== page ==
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If you’ve been following this site, you know that I am a major fan of Jaden Smith — so much so that I think he’s going to eventually overtake Drake’s spot as the top hip hop artist in the game. In the past few months, all he has done is drop artistic albums and feature on some pretty major rapper’s albums, making quite the impact in both. With “The Sunset Tapes: A Cool Tape Story,” Jaden gets another shot at revolutionizing the game, gifting us with a short body of work that can very well end up classic number two for him. 





Out of all the rappers that mumble in the game, I think Jaden is the best at doing it. However, that doesn’t mean I f**k with it when he does it. On “Plastic,” the SYRE rapper definitely abuses that s**t, initially, but as the song goes on, he becomes a lot clearer, ultimately giving us something that relies on high energy and tongue-twisting flows. Listeners will love the amped up instrumental Jaden raps over on this song, the daring harmonizing he does throughout, and most importantly, the rebellious/cocky content he dishes out in his lyrics (I actually love when he gives us some bratty s**t).




“Rollin Around” and “Fallen 2” has Jaden Smith diving deep into his melancholy vibes. On both songs, he pours out his feelings about a love that has had him feeling everything from tender to rejuvenated. The way he tries to piece these emotions together on each track is masterful. I’m not ready to say Jaden is the next coming of The Weeknd for dropping these absolute gems, but I do believe he did a damn good job of giving us something authentically soulful.




“Soho” starts the album off fantastically! Instrumentally, it is smooth yet bass boomin’, giving off these relaxing trap vibes throughout. Over this instrumental, Jaden does some pretty solid singing, dishing out this highly infectious melody and even doing some impressive harmonizing throughout. Not many of the songs Jaden laid down in the past took on this sound, so I was presently surprised that he decided to take this route.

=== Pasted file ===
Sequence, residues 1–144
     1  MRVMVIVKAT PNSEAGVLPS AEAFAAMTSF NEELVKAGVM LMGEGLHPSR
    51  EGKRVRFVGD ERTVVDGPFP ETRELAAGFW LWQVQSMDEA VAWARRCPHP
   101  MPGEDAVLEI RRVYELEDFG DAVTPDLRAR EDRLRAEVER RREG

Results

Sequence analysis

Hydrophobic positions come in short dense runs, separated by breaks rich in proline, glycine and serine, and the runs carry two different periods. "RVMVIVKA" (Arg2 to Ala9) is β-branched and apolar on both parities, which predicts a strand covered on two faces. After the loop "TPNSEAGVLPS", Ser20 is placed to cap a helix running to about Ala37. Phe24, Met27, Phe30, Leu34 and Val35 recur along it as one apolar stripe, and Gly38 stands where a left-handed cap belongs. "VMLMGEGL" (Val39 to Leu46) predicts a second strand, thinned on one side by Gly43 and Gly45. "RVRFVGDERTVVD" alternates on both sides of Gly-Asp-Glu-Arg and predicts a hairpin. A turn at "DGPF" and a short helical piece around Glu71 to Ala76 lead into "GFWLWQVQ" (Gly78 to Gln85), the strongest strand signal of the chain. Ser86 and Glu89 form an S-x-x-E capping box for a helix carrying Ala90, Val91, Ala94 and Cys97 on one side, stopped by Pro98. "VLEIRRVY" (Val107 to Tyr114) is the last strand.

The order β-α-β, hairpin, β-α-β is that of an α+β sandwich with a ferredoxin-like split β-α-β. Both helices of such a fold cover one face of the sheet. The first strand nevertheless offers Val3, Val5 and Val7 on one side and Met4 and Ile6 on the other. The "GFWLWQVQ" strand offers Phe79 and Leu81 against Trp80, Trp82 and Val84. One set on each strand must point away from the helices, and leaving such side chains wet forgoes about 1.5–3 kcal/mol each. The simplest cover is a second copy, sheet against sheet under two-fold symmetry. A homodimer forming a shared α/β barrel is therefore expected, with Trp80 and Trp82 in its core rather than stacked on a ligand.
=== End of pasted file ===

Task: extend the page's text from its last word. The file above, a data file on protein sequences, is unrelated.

“Yeah Yeah” is Jaden’s effort at making a timeless record that could reach a variety of music lovers. It sounds cultural, boasting this vibrant instrumental that reminds me of some s**t you would hear at Nandos during brunch. Over this instrumental, Jaden harmonizes pretty well, reaching a few high notes and staying true to this very lovely melody. What I like most about this song is that it feels like Jaden simply gets lost in the beat that was handed to him, sorta improvising his feelings about this relationship he has with this woman that is both the perfect lover and has a bit of a wide side, too.

Whoever tells you that they do not like a cutesy track like “Yeah Yeah” is lying their ass off.


1. SOHO (5/5)



4. PLASTIC (4.5/5)

5. DISTANT (3.5/5)


7. YEAH YEAH (5/5)


9. TEN TEN (2.5/5)

10. FALLEN PART 2 (4.5/5)





The Sunset Tapes: A Cool Tape Story literally feels like a transitionary album for Jaden Smith. On SYRE: The Album, I thought he tried his hardest to convince the world that he was a unique talent, dabbling in sounds that were both futuristic and expressive. Not a single moment felt unauthentic, and that is one of the major reasons I gave that specific album such a great score. Unfortunately, this time around, I could predict a good chunk of his moves, and that really bothered me.

The first few things I want to point out about this album is the good stuff: I loved the melodies, Jaden’s knack for getting lost in the beats he was handed, and the youthful subject matters he tackled throughout. In my opinion, it makes for a body of work that sorta hypnotizes you. Aside from that, I somewhat enjoyed his versatility when it came to approaching his music, keeping you on your toes when it comes to which direction he will go when it came to either rapping or singing. He remained just as limitless as he did on his debut album, and that is an approach that I pray he never changes.

Now to the bad: I felt like there wasn’t enough rap records on this project. Don’t get me wrong, I think Jaden is actually a pretty decent crooner when he wants to be, but on the real, he’s an even better rapper. In songs like “A Calabasas Freestyle” and “Plastic,” he gave us some pretty hefty bars, showing the world his boom bap potential. Unfortunately, in his other songs, he either mumbled his way to the finish line or got lost in the somber emotions he was dealt. Once again, I have no problem with the latter, but it would’ve been nice to hear an evener mix of rap and singing.

This effort wasn’t as experimental as I expected it to be. I felt like it wasn’t that much different from some of the other s**t I’ve heard from the young rappers in the game. The question that derives from this observation is this: Has the rap game finally caught up to Jaden or has he lost some of his desires to standout in a crowd that has sounded a bit mundane as of late? Whatever the case may be, this album sounded like one long ass sampler that only made me even hungrier for a legit entreè.